The recipe I linked to in my dairy free frosting post was scaled for 12 cupcakes. I decided to quadruple it to get enough to frost the cake, except I only used three cups of powdered sugar. I had less than 1/4 cup of frosting leftover. Phew! One tier done and done. The cake went back to the refrigerator.

I decided to fill the 6 inch cake with leftover Midnight Ganache, because there is not a chocolate lover alive who wouldn't love that stuff. That was also an easy thing to do because I just had to defrost the container, whip it up a bit with a spoon, and fill the little cake. Then I snuck a spoon for myself, and put the stacked little cake in the refrigerator to firm up the filling.

Sam and Andrea's Wedding Cake
love the contrast!

In the meantime, I made one batch of Italian Meringue, as shared by Warren Brown of CakeLove. His instructional video is awesome. Look how nonchalantly he pours sugar syrup into his whipping egg whites! I did it too, by the way, and it turned out great. I added one teaspoon of vanilla extract. This made about 4.5-5 cups of frosting.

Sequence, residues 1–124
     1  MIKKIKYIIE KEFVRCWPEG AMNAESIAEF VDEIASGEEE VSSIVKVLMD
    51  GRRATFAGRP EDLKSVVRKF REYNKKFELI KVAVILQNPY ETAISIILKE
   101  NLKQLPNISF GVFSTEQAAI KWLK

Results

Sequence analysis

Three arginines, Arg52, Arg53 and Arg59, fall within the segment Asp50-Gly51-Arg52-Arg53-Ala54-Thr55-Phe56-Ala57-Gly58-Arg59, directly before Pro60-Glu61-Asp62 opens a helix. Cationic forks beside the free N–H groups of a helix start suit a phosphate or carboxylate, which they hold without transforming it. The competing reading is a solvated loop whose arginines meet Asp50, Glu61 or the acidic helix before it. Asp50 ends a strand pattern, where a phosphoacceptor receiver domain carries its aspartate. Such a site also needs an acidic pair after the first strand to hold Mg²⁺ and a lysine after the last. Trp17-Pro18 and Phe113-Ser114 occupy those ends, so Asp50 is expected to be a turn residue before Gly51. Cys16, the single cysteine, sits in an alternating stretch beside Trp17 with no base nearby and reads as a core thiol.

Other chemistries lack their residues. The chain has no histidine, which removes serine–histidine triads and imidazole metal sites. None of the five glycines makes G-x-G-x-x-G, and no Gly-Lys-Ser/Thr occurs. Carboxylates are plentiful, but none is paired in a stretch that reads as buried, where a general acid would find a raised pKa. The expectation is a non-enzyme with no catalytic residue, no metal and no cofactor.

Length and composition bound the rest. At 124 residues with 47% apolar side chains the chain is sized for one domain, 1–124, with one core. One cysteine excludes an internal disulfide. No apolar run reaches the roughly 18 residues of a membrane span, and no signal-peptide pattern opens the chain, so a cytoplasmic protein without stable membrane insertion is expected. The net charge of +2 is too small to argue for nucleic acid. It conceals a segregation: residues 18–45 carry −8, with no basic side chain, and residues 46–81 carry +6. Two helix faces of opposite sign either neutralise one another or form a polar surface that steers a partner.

I frosted my little 6 inch tier and put it to bed.

Sam and Andrea's Wedding Cake
6 inch cake insides

By this point the White Chocolate Lemon Buttercream had finally cooled itself down so I finished it up by beating it for another minute, then I filled and stacked the 12 inch tier. That cake was heavy! After chilling, I frosted the cake (I needed another half batch of Italian Meringue Buttercream) and then I was done. Huzzah.

Sam and Andrea's Wedding Cake
12 inch cake insides

Oh yes, I did place the plastic straws in the 12 and 9 inch tiers before I went home and went to bed.

Sam and Andrea's Wedding Cake
9 inch cake, ready to go

Saturday around noon I boxed up the cake and hustled to the wedding site. It was already getting hot and I was a little nervous about the cakes melting in the heat. I kept thinking of the Cake Wrecks Inspiration vs Perspiration post and hoping I wouldn't see my cake up there next week.

Sam and Andrea's Wedding Cake
ribbon is a great way to hide the gap and cardboard rounds. but on a hot day you oughta line the back of the ribbon with parchment. i did not.

Sam and Andrea's Wedding Cake
love the topper!

The cake table was ready to go so I stacked the cake (frosting already soft!), lined the bottoms of the tiers with the ribbon Andrea provided, and waited for the ladies in charge, Sam's Aunts, to come decorate the cake with flowers. Paula decorated the cake beautifully! She did such a lovely job, and was also very ingenious when the glass cake topper kept threatening to fall over (frosting too soft). She placed flowers behind it to prop it up, and it was just so lovely.

Sam and Andrea's Wedding Cake
Paula gettin' it done